Bestfit period–geometric projection factor relations from spherical model atmospheres.
All Figures
Fig. 1 Predicted intensity profiles normalized with respect to the Eddington flux for planeparallel model stellar atmosphere (top) and sphericallysymmetric model atmospheres (middle) in Vband (left) and Kband (right) wavebands. The bottom panels show the difference between intensity profiles computed from sphericallysymmetric and planeparallel model atmospheres. Spherical models predict much smaller intensities near the stellar limb relative to the planeparallel models. For spherical models, intensity profiles for shortperiod Cepheids have smaller central intensities and sharp declines at smallest value of μ. Each line represents a step of Δlog P = 0.1 from log P = 0.4–2. 

Open with DEXTER  
In the text 
Fig. 2 The relative total intensity difference between spherical and planeparallel model intensity profiles as a function of pulsation period, for the Vband (solid line) and Kband (dashed line) intensity profiles. 

Open with DEXTER  
In the text 
Fig. 3 Predicted angular diameter corrections θ_{UD}/θ_{LD} as a function of pulsation period computed from sphericallysymmetric (solid lines) and planeparallel (dotted lines) model stellar atmospheres. In the plot, the Kband corrections are greater than the Vband corrections.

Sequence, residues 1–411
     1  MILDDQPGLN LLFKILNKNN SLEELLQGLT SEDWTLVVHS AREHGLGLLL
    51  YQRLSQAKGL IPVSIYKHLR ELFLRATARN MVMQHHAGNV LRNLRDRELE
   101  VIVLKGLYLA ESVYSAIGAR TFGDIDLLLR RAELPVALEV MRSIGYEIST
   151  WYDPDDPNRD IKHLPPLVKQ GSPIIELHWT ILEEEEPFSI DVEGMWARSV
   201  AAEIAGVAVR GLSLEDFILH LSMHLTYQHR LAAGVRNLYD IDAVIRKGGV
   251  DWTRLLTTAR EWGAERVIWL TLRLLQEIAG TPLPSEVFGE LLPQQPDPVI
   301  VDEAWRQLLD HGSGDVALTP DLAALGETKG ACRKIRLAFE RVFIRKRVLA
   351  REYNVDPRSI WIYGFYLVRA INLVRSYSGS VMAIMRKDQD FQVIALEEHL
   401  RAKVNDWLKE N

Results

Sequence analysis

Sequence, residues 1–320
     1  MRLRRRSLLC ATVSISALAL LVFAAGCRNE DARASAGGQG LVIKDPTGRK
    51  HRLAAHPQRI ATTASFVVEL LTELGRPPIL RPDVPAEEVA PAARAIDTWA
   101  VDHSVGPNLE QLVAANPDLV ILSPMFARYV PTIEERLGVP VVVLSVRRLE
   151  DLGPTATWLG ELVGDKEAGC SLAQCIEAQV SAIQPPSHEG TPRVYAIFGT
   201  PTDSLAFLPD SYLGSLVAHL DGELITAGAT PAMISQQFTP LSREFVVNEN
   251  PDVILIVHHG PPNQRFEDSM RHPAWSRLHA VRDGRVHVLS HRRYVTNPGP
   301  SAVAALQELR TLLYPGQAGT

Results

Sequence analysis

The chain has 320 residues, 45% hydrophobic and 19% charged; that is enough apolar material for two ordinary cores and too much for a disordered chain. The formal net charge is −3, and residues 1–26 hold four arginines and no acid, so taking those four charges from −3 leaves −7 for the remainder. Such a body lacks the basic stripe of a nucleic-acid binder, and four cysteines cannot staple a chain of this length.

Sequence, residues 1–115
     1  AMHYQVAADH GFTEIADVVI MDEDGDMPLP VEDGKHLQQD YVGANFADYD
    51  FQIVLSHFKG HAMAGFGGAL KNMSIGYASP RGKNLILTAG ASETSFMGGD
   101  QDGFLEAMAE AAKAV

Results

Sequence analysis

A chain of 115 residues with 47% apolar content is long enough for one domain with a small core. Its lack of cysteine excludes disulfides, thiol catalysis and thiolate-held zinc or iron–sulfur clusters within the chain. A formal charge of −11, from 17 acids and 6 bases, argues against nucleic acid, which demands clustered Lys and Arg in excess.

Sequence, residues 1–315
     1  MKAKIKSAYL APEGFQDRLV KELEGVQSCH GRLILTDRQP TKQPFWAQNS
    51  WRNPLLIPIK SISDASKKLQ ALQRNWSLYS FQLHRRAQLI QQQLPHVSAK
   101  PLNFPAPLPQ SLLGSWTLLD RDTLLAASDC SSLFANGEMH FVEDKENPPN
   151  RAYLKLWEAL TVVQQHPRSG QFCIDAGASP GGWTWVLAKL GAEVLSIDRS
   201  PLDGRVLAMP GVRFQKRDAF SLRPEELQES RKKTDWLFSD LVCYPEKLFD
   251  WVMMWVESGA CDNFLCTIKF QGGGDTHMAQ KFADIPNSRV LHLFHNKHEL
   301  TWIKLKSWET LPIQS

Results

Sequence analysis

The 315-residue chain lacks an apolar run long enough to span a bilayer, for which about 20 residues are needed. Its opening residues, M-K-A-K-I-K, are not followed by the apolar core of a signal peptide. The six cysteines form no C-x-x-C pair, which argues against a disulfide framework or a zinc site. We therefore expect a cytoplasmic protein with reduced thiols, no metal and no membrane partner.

Open with DEXTER  
In the text 
Fig. 4 The predicted projection factor as a function of wavelength for the P = 10 days model atmosphere for the sphericallysymmetric (solid line) and planeparallel (dashed line) geometries. 

Open with DEXTER  
In the text 
Fig. 5 The pfactor predicted from planeparallel and sphericallysymmetric model atmospheres as a function of pulsation period. Projection factors computed from planeparallel models are shown for the BVRIH and Kbands as blue dashed lines, while projection factors from sphericallysymmetric models are shown as red solid lines. For reference the period–projection factor relations are shown from Hindsley & Bell (1986) (magenta dotted line), Nardetto et al. (2007), their Eq. (6) (orange dasheddouble dot line), Nardetto et al. (2009) (pale blue dotdashed line) and Storm et al. (2011b), (black doubledashed line). The projection factors for Galactic Cepheids determined by Storm et al. (2011a) are also included (black dots). 

Open with DEXTER  
In the text 
Fig. 6 Projection factors predicted from sphericallysymmetric model atmospheres representing a sample of Galactic Cepheids as a function of waveband, from B to Kband. In the plot, the colour green represents Bband, blue is V, magenta is R, light blue is I, orange is H and black is Kband. 

Open with DEXTER  
In the text